Survey after survey confirms teachers feel stressed and burned out. Nearly 75 percent of teachers experience frequent job-related stress, compared to just a third of working adults. More than half of teachers have considered leaving the profession earlier than originally planned.
Exhausted and frustrated teachers face a growing list of adversities, including:
- Insufficient funding
- Overwhelming administrative work
- Demanding parents
- Hostile communities
Dire staffing shortages have added to an unprecedented level of strain. When educators pick up the slack from unfilled positions, their work obligations increase. But their plates merely grow more full — nothing is ever removed. Districts can’t afford to lose more teachers and must take steps to assist them.
Key contributors to educators leaving the field include a lack of preparation, mentoring and support. Professional development, however, is one powerful tool that can alleviate some of the pressure and help reduce teacher turnover.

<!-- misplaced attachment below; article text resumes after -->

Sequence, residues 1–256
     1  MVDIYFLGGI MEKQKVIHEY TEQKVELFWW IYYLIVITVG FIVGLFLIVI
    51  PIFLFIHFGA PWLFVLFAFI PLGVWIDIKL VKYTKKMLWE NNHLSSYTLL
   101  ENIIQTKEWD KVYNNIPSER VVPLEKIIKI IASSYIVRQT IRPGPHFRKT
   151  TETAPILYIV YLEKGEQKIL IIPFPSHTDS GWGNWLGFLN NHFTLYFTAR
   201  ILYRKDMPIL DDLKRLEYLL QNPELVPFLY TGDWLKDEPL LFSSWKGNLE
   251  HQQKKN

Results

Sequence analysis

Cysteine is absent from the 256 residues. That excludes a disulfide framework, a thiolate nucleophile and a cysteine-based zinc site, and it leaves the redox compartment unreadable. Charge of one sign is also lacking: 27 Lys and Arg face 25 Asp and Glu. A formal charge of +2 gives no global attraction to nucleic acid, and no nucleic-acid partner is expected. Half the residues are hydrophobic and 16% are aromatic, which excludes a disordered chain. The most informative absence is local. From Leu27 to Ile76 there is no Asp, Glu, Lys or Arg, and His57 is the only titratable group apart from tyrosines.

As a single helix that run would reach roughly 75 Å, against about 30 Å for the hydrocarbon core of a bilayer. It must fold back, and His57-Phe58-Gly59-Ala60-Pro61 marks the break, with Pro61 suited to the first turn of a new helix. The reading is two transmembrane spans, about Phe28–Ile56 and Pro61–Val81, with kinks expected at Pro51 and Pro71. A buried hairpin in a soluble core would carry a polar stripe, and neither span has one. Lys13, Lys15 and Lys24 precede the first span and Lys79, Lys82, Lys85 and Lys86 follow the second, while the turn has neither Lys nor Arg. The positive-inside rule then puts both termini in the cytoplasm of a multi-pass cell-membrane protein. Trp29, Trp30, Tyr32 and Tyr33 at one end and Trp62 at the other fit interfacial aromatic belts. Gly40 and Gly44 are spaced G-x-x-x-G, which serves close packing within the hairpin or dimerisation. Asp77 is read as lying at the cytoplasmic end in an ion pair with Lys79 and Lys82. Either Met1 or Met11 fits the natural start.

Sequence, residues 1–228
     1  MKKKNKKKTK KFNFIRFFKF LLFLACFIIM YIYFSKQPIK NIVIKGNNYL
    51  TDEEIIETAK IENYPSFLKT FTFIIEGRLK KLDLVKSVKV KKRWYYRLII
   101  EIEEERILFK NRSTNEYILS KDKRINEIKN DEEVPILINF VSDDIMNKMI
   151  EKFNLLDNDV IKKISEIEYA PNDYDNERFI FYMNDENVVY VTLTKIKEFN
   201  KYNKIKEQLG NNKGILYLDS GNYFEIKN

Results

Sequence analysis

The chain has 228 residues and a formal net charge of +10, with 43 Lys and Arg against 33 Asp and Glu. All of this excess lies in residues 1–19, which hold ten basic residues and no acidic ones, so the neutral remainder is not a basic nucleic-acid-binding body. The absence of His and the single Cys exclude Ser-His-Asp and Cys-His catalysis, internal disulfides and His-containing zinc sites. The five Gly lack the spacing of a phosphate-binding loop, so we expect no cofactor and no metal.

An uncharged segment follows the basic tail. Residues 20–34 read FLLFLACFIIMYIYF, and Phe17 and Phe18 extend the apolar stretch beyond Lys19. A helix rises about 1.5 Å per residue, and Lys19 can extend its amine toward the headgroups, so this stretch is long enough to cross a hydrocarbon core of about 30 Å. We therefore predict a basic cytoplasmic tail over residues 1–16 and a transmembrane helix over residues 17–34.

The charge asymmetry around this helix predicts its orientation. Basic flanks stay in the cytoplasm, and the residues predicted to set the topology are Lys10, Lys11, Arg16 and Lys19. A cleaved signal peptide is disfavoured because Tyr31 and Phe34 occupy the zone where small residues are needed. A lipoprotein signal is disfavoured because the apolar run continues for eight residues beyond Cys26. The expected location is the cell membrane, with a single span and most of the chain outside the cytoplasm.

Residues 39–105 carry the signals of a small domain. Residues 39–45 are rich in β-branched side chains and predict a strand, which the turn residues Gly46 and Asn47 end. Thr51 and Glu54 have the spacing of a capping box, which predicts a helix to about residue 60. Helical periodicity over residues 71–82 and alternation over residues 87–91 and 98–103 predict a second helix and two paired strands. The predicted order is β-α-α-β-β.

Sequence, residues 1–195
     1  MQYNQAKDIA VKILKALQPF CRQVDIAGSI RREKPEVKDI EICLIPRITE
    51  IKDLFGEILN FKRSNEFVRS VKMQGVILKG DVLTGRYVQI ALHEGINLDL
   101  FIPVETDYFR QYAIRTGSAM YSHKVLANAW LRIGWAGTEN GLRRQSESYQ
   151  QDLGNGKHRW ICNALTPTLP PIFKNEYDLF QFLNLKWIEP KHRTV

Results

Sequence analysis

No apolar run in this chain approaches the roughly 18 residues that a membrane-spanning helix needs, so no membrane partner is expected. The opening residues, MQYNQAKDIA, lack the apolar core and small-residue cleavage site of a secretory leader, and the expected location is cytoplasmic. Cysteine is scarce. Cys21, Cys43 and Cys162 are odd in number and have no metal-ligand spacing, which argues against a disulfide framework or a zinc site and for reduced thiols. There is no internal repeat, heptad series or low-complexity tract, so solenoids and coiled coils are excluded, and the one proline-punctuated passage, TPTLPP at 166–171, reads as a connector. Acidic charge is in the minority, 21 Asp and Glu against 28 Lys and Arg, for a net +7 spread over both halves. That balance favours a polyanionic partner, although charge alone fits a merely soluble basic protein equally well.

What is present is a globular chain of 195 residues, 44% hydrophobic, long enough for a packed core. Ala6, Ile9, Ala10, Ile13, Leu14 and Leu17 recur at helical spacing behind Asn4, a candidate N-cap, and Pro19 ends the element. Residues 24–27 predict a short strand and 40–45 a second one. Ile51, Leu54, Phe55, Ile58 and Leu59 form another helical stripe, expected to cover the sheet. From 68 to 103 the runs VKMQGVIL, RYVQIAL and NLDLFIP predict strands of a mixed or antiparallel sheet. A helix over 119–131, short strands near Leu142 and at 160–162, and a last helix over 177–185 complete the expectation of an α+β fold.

Benefits of professional development
Continuing education and career training make up a vital part of the educational process. It exposes educators to the latest instructional methods, offering research-based best practices and providing the confidence to teach new concepts. New and seasoned teachers can level up their skills and work toward subject mastery.
Workshops and peer groups provide a creative outlet for teachers to lean on each other for advice. More than half of teachers consider collaboration with colleagues the most effective type of professional development. When teachers are encouraged to support each other, they learn new ways to excel in their classroom, improving instruction.
By investing in their teachers, districts directly invest in their students. According to the U.S. Department of Education, student achievement increases as much as 21 percent when their teachers participate in professional development programs and adopt different techniques to deliver instruction. This positive impact is crucial as student math and reading scores decline across the country.